Brad Wardell's views about technology, politics, religion, world affairs, and all sorts of politically incorrect topics.
Why do uninterested people insist on chiming in?
Published on May 4, 2004 By Draginol In Blogging

People on-line seem to have a...need to give their opinion regardless of whether it's relevant or not.

I see this particularly in the tech world where a new product gets announced and someone who wouldn't even use the program feels the need to comment "I wouldn't use that."  Whenever I see that, and it's often, my initial thought is, "Well who cares?"

I just don't get it. I have no use for greeting card making programs, for example. When I see a news item about one, my first thought isn't to jump in and say "I wouldn't use it."

This really came to a head today over at WinCustomize. Adam and I want to write a little freeware program that can sit in your system tray and send to a server the names of the skins and themes you're using on your system. Users who use it can then go to a special page and find the most popular skins that are in actual active user and if the database can match the skin name with one in the WinCustomize library, it'll provide a link to download it. Other features could include displaying links to popular customizing programs (basically we would put a list of all the customization programs we're aware of in a database and every time there's a match it would increment a counter). Then anything that's reasonably popular could be brought to the user's attention.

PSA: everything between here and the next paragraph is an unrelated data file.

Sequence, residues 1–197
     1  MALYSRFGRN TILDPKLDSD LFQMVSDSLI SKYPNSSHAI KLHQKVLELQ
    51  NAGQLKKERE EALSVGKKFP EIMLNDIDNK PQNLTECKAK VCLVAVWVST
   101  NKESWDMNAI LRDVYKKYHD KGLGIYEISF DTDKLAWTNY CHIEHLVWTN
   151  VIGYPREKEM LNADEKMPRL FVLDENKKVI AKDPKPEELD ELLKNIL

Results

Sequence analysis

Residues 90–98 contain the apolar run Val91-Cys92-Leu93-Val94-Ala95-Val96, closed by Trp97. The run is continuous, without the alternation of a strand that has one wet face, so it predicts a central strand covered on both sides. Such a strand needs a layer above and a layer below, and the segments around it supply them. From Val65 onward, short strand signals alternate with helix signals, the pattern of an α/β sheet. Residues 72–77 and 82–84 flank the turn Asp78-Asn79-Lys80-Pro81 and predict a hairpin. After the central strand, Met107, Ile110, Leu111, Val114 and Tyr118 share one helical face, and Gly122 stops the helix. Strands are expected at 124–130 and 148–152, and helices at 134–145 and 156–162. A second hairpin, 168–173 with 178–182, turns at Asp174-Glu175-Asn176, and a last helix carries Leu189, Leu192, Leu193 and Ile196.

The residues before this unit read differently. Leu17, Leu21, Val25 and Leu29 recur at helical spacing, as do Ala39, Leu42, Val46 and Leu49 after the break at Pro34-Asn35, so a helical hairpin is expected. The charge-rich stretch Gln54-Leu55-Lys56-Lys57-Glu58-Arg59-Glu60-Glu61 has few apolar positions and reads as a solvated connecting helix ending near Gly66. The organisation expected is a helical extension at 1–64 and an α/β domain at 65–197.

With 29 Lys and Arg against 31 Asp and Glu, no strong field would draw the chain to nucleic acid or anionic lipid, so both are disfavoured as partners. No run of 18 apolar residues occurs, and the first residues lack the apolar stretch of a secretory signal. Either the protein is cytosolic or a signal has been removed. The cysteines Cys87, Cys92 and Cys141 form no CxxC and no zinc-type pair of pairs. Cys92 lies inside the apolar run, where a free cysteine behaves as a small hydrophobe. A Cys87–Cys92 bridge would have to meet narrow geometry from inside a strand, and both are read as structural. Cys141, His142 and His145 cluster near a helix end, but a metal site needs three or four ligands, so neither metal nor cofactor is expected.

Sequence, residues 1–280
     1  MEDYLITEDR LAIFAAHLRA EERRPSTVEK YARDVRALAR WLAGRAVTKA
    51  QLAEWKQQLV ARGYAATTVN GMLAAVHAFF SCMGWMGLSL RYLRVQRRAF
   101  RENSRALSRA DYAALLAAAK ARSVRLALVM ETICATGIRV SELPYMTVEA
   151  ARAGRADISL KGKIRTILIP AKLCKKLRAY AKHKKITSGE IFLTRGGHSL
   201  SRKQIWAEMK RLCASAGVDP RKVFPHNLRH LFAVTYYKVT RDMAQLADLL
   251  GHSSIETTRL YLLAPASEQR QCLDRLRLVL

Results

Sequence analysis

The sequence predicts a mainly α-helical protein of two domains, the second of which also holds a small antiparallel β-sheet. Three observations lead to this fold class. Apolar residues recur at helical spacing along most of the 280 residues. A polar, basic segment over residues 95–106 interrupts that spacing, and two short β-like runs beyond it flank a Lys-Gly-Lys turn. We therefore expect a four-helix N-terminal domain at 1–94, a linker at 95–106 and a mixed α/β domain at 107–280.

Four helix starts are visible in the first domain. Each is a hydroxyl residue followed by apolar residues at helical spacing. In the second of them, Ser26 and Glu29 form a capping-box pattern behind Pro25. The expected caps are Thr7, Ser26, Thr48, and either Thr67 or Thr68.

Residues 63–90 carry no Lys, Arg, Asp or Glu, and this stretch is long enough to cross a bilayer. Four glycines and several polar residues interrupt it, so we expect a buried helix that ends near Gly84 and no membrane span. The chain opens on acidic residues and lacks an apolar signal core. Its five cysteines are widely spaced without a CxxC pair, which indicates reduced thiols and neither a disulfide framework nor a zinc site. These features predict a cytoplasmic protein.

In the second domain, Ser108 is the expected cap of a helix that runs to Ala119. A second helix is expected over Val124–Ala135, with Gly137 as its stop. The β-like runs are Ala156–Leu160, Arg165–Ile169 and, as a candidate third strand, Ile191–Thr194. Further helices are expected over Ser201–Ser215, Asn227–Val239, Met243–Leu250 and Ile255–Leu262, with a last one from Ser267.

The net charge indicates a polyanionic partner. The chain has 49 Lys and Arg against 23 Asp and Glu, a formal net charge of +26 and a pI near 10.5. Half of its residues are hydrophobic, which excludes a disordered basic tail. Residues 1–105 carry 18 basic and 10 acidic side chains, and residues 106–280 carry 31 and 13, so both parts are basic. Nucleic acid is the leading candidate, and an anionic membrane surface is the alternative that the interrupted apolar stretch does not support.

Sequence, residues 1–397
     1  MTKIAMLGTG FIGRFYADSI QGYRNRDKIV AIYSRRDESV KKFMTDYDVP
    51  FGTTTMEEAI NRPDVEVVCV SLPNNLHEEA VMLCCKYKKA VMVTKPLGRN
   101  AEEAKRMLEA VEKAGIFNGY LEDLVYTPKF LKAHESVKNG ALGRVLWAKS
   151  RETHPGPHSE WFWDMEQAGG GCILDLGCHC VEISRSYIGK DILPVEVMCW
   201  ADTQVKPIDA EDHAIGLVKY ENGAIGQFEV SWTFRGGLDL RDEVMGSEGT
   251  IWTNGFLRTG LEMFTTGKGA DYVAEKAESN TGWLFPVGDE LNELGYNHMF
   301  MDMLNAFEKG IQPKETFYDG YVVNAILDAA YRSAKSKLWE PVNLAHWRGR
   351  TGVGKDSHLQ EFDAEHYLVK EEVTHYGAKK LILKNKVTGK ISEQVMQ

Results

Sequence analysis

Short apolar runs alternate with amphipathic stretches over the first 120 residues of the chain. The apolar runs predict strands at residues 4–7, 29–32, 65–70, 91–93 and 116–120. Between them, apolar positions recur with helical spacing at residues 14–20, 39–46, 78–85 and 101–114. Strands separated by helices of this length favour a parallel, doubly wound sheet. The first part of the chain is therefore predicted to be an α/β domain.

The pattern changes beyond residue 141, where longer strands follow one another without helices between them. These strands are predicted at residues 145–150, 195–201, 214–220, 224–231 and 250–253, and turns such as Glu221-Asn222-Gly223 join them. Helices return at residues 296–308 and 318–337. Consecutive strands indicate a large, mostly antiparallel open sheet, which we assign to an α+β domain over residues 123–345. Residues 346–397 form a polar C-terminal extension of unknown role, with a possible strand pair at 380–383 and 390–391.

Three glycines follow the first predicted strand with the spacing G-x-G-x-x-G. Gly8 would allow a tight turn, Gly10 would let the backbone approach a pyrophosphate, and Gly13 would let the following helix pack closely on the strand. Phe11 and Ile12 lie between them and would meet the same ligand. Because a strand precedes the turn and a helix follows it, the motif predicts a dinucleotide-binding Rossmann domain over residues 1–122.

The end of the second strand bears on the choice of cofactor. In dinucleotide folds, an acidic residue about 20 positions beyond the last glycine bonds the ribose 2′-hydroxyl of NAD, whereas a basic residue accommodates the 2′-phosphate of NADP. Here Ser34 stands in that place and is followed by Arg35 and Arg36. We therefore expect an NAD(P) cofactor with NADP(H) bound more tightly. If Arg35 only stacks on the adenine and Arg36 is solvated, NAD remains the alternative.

In short, it's a form of spyware. Except we would be very upfront about it. It's basically Alexa for skinning. The user provides information to the community on what skins and skinning apps they have and in return they gain access to the results of that data. There's no ulterior motive. It basically boils down to people who want to know what the most popular skins IN USE are and get them. Not everyone trusts download counts and really, the ultimate recommendation for skins is what people are using.  Just so that we're up front about it, I want to call it SkinSpy. 

So I wrote a post asking for additional features people who would USE it would want. I explicitly stated that some people would not want to use this program if they're uncomfortable with a program reporting what skin or theme they're using. The system doesn't track users or anything. I.e. it doesn't know who you are, just what skin User X is using. 

But most of the responses were from people who don't want such a program or think such a program is a bad idea. Again: Who cares? If you don't want it, don't download it and use it when it comes out. No one hates Spyware more than I do. I've written on it countless times. But good grief, I'm not paranoid about it. As long as I know what data is being sent and how it's being used I don't care. I run Alexa  -- happily because it tells me how popular a given website is in return. Oh no, knows what sites I visit.